Because you're only human.
With families settled into the school year, one might think life would have regained some semblance of normalcy. But the pandemic continues to take its toll on parents, and after months of isolation, little additional help, and rare breaks from the pressures of childcare, many moms and dads are feeling exhausted and at their wits’ end. Working from home while managing distance learning only adds to the stress, which can sometimes rear its ugly head in the way parents react to their children. But what's the difference between a moment of frustration and a sign you need a break from motherhood?
“I would say a key marker to be able to differentiate between exhaustion and burnout is the ability to feel the full range of emotions,” Katie Schefter Sheron, an Individual and Family Therapist at Harmony Counseling in Vancouver, Washington, tells Romper. “Are you able to enjoy them? Are you able to delight in the little things? When we face burn out, we experience an absence of positive emotions, sometimes apathy, and most often anger. We have to adjust to the 2020 scale and honestly assess how we are experiencing our emotions.”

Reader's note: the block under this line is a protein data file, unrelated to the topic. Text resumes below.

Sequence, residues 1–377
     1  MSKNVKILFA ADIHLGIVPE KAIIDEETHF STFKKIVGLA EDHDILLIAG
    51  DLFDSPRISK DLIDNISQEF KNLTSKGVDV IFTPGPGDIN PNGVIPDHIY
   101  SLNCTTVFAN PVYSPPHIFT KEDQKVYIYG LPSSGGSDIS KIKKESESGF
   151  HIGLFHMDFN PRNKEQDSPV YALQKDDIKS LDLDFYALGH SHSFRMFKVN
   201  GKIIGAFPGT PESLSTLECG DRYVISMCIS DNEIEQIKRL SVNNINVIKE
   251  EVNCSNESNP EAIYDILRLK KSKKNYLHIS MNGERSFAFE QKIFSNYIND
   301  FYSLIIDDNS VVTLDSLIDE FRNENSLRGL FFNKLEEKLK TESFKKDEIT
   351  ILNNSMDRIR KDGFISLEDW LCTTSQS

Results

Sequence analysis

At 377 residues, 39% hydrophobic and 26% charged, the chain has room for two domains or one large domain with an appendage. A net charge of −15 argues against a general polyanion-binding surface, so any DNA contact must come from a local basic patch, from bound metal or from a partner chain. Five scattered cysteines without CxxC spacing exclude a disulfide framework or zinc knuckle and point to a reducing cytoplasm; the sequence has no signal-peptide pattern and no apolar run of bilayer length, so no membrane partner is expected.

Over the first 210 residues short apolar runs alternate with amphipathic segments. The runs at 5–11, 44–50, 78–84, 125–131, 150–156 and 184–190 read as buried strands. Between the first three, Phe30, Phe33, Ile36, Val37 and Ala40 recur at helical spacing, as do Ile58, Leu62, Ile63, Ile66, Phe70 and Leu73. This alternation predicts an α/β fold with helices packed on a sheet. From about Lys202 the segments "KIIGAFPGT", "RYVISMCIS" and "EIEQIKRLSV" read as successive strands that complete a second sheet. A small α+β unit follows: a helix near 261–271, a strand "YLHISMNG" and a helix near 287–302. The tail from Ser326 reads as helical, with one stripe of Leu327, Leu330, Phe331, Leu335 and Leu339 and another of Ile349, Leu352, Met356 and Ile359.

Watch out for these red flags if you suspect you might need to take a timeout from your children.
So, what can you do? “Grace upon grace upon grace,” says Sheron. “To yourself. To your kids. To your partner. This is really effing hard. Lower expectations. Normalize hard emotions. If you need to cry, please go cry; it’s a healthy way for your body to get rid of excess cortisol which we all have in abundance right now. And you know what? Crying in front of your kids won't kill them. It gives them validation of their own emotions and gives them permission to cry themselves.”
And if you need help, get some. Both Dr. Hafeez and Sheron recommend reaching out to a mental health professional for more help if you can identify any of the above in your own behaviors.
Katie Schefter Sheron, M.A., LMHC, Individual and Family Therapist, Harmony Counseling, myharmonycounseling.com
Dr. Sanam Hafeez, neuropsychologist and professor at Columbia University, comprehendthemind.com